Tillage and Green Manures

By Eliot Coleman

Given the recent condemnations of organic farming for its use of tillage, I was pleased to read the following passage from a blog by Andrew McGuire, an agronomist at Washington State University. It parallels our experience with, and faith in, the benefit of tilling in large biomass green manures. They have been integral to creating and maintaining the fertile soils on Four Season Farm.

Green manuring is the lesser-used option in cover cropping. Most cover crops are killed and left on the soil surface, but green manures are tilled into the soil. That is where they have their unique effects. They feed soil microbes and larger organisms and thus change the community composition to benefit crops that follow. This enlarged soil microbe community then produces more stable aggregates and better soil structure for overall increased soil function. However, for the benefits of green manures to outweigh the tillage required by the practice, a large amount of biomass must be grown.

Tillage breaks down aggregates, disturbs soil microbial communities, and quickens breakdown of organic matter. Biomass does the opposite. The more plant biomass incorporated into the soil, the more steps forward the soil takes to overcome the backward steps of tillage.

Big biomass also improves green manure’s effects on soilborne pests. Both suppression of pests by the chemicals in green manure crops (as with mustard) and general suppression of pests by the feeding of the existing microbe population will be increased by greater amounts of biomass.

So, yes, I still use my rototiller as needed. I have seen no detrimental effect from rotary tillage if plenty of organic matter is incorporated, either from green manures grown in place or from what the Europeans call “cut and carry” green manures grown elsewhere.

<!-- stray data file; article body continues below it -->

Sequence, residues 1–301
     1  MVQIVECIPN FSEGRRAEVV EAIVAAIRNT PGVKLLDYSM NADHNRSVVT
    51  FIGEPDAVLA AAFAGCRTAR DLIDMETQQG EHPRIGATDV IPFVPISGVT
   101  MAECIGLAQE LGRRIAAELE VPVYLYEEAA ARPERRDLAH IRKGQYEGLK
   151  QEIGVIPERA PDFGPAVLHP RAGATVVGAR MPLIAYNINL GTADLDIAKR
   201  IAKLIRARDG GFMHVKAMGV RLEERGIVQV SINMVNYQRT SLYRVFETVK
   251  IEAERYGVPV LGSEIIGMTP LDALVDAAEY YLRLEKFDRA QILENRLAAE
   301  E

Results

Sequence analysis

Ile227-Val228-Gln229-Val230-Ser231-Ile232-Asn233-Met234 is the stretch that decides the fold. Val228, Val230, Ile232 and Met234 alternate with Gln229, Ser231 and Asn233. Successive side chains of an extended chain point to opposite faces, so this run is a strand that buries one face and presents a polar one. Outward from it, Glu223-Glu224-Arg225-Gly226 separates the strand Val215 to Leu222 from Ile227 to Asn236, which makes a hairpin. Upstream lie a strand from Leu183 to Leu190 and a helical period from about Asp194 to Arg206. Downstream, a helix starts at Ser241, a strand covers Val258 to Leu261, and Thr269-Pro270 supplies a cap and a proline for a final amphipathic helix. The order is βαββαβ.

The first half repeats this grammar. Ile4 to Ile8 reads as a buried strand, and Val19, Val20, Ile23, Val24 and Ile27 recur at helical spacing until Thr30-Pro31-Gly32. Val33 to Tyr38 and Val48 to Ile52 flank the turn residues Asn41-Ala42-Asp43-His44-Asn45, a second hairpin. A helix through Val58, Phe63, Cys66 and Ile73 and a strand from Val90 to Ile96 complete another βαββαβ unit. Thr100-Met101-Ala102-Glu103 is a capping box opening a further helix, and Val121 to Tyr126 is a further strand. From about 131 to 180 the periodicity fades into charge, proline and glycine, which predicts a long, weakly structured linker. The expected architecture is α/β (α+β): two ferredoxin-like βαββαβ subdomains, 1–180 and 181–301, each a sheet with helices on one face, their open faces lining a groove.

We plant approximately a third of our vegetable land every fall in mid-October to a combination of winter rye and hairy vetch following harvest of root cellar storage crops like carrots, beets, celeriac, cabbage, turnips, potatoes, etc. That rye/vetch will remain in place for one winter, one growing season, and a second winter.       

We sow by broadcasting the rye/vetch seeds with a chest seeder and press them into the soil with a cultipacker. Our fall rains are dependable, but we could irrigate if necessary. We let the rye/vetch grow to maturity the following summer. On or about August 10th when the rye is about seven feet tall and well headed out and the well-podded vetch vines are climbing the rye straw, I back through the rye/vetch field with the rear cover on my tractor flail mower raised (and the depth roller removed) to shred the standing straw right down to soil level. The result is a two-inch deep mulch of chopped rye and vetch straw over an enormous number of rye and vetch seeds. Rain or irrigation germinates all of them and the area soon looks like a golf fairway.

That begins the second winter of rye/vetch root mass. (Some authorities suggest that root growth may be more valuable than top growth for adding long lasting organic matter to the soil.) I leave that resown rye/vetch until early April the following year when there is enough fresh green growth to aid the final decomposition of the straw and I till it all in. The young rye plants incorporated at that stage of growth do not become weeds as they sometimes can, probably because they have been stressed by such close spacing (about 20 times the standard seeding rate.) Four weeks later the area is ready to start transplanting that year’s vegetable crops. Two winters and one summer of rye/vetch creates big biomass, and the results in soil fertility are impressive. This process rotates to a different third of the vegetable land each year.

The fields on the other two thirds of our vegetable land are resown, as soon as all the crops planned for them have been harvested, to either annual alfalfa, buckwheat, forage radish or a combination of peas and oats, all which winter kill in our climate. The dead matter can be raked aside for sowing the following spring. The choice of one green manure over another is determined depending on time of year, expected weed pressure, and which vegetable crop will be grown next in the rotation on that area. With the crops which leave a good bit of post-harvest biomass, like cabbage and sweet corn for example, (a not inconsiderable amount of organic matter) we till in the shredded residues shallowly before seeding the green manures.

I call our rye/vetch program biomass till. It has helped us to create and maintain a very productive soil.